To celebrate the tenth Transgender Day of Visibility, we rounded up ten of our favorite trans-themed films, the visual medium where the T in LGBTQ representation has made significant strides even as it has a long ways to go.
1. America in Transition
This new series debuted at Sundance before landing on Revry. Director Andre Perez tackles the issues facing transgender people of color, from migrant detention to military service to living in conservative parts of the nation. In essence, the show confronts the issue of marginalized people within marginalized communities. It will appropriately premiere to coincide with this year’s Trans Day of Visibility on March 31.
A Fantastic Woman
Sebastian Lelio became the first Chilean Oscar winner with this film about a transgender woman seeking justice after the death of her longtime boyfriend. Lead actress Daniela Vega also became a bonafide star for her fearless and dynamic performance which required her to perform opera arias, stunt driving, and nude scenes. Both hilarious and genuinely moving, A Fantastic Woman ranks as one of the best films ever made with a transgender lead.
Room to Grow
Revry strikes again, this time with a documentary series about adolescents and the challenges they face on a daily basis. That includes several young transgender subjects, all of whom open up about transitioning at a prepubescent age. The show also features extensive interviews with family, friends, and teachers, all of whom discuss coming to understand and trust when a child comes out as transgender.
The Most Dangerous Year
Speaking of coming out at a young age, The Most Dangerous Year chronicles the life of a 5-year-old transgender girl against the background of Washington state’s 2016 bathroom bill controversy. Though the film uncovers vital political material—including the stealth techniques anti-LGBTQ forces often employ to damage the community—the film belongs to young Annabelle Knowlton, who describes always understanding that she is transgender, and who’s plucky attitude will inspire activists of all kinds.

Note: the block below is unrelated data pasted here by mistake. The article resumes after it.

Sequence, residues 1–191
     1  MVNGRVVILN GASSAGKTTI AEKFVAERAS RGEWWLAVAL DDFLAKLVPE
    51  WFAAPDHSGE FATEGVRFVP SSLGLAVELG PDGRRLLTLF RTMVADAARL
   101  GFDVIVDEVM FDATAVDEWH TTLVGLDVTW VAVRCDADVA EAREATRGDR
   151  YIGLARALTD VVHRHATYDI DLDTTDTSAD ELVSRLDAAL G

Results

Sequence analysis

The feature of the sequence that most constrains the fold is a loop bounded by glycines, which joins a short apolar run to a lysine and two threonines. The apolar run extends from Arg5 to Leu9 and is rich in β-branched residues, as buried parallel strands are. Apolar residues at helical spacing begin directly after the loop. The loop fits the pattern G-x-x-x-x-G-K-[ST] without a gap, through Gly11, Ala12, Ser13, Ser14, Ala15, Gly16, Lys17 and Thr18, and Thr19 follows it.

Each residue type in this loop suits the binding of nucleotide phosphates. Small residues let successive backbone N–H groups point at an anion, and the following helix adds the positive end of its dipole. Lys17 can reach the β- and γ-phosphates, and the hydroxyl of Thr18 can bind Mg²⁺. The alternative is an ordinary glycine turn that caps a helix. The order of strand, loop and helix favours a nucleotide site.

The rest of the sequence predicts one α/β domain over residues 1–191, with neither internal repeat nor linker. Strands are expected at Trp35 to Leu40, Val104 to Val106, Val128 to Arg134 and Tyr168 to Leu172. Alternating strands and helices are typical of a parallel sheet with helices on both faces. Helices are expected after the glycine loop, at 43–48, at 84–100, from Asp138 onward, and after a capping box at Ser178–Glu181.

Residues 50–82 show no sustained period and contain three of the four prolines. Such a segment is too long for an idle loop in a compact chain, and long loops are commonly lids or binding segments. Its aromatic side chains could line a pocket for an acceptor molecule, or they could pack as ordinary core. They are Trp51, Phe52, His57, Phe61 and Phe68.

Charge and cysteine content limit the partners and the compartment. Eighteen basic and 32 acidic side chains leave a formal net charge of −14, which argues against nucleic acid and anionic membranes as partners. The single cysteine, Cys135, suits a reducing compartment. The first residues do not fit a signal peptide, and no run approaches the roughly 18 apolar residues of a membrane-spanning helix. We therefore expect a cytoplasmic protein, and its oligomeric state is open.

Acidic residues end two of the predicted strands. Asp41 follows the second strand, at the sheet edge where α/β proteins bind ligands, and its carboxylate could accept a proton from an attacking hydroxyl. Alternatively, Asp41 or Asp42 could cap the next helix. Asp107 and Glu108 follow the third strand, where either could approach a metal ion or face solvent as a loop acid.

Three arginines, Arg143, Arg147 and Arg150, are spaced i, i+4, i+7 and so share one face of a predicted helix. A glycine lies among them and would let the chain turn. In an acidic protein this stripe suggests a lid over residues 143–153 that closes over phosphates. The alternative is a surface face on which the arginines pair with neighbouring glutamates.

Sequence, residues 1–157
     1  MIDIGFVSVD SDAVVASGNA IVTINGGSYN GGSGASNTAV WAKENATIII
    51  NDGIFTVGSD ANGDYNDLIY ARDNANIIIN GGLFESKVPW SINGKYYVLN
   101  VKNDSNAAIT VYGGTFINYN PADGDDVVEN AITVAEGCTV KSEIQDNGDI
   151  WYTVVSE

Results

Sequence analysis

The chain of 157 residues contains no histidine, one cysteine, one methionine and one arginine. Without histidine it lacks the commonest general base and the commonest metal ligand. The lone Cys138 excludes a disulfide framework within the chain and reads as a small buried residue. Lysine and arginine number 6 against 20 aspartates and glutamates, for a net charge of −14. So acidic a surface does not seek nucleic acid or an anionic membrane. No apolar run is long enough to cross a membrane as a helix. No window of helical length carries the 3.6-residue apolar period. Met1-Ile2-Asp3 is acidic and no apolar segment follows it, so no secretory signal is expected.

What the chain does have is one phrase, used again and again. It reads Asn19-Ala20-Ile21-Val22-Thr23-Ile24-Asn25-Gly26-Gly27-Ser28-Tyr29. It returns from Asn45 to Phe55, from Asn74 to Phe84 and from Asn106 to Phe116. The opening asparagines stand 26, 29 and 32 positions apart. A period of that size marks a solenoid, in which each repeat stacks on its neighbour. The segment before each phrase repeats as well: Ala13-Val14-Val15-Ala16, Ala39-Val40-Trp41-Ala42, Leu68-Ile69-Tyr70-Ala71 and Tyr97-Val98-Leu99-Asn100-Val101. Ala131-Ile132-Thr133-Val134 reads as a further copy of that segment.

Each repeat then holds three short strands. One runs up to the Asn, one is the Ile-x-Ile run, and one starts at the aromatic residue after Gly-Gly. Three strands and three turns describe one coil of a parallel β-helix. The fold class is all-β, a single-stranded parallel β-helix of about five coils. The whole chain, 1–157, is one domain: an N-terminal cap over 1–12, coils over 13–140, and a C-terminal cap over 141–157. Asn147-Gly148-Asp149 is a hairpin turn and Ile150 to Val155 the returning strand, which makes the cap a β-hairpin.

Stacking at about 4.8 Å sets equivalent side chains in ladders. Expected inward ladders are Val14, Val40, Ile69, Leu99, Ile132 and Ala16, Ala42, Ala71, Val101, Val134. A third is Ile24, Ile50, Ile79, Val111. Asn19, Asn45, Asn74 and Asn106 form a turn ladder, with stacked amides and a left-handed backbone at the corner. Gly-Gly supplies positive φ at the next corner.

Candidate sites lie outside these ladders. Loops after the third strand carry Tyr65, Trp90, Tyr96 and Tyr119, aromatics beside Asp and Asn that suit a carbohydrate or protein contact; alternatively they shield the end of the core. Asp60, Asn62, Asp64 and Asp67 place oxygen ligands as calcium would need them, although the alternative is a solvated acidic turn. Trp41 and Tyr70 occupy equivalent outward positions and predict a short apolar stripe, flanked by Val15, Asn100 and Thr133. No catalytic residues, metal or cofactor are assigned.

How this musical continues to go overlooked, even after stars MJ Rodriguez and Indya Moore got the lead roles on Pose will forever perplex us. The plot concerns a young teen named Ulysses who discovers the underground world of the Drag Ball scene. Featuring some terrific songs and moving performances (in particular, by Rodriguez), Saturday Church plays like the coming out fantasy so many of us wish we’d lived.
Out-gay director Wash Westmoreland also co-wrote this film with his late husband, Richard Glatzer about the scandalous bisexual author. Keira Knightly gives a fine performance in the title role, as does Denise Gough, who plays Max, Colette’s transgender boyfriend. In a fun twist, the movie also features transgender actor Jake Graf in a cisgender role.
This bodybuilding doc won the Documentary prize at Outfest last year. Transgender director T Cooper follows several transgender men at various stages of their transitioning as they enter into various bodybuilder contests. Other than the scantily-clad, super ripped bodies, Man Made offers a candid look into the tribulations of trans men and how the transitioning process affects relationships. By turns irreverent and moving, Man Made features a little-told story vital to the ongoing conversation about transgender rights.
Boys Don’t Cry
In recent years, Boys Don’t Cry has gotten something of a raw deal from critics. That’s a shame; the movie remains one of the most empathetic and groundbreaking stories of a transgender character ever set to film. Much of the power of the movie comes from the lead performance by Hillary Swank as real-life transgender man Brandon Teena. Swank gives, quite simply, one of the best performances ever, so it should come as no surprise that she picked up an Oscar for her work. Shocking, infuriating and horrific to this day, Boys Don’t Cry has lost none of its potency in the 20 years since its release.
We’re still slightly obsessed with this very indie dramedy about a pair of transgender hookers working in Hollywood. Just as she gets out of prison, sex worker Sin-Dee (Kitana Kiki Rodriguez) finds out her pimp/boyfriend has started seeing cisgender woman. Sassiness ensues, as Sin-Dee partners with her friend Alexandria (Mya Taylor), an aspiring singer, to track down her boyfriend and his new flame. Just when it seems the movie couldn’t get any more ridiculous, it takes a dark and moving turn, plumbing the depths of the Alexandra/Sin-Dee friendship, and the cruel life sex workers often face. Made on a shoestring budget, and shot on three iPhones (!), Tangerine has a grittiness and a verisimilitude few movies can claim.
How could any screening list for the Transgender Day of Visibility not include Pose, the most groundbreaking show to ever feature transgender characters and creative minds? Centered on the New York Drag Ball scene in the 1980s, Pose recounts a crucial, if little-discussed, chapter in queer history, and how a family of outrageous transgender people fueled pop culture in the 80s and 90s. MJ Rodriguez, Indya Moore, and Billy Porter give star-making performances in a story of artistic drive, the AIDS crisis, chosen family and glamour.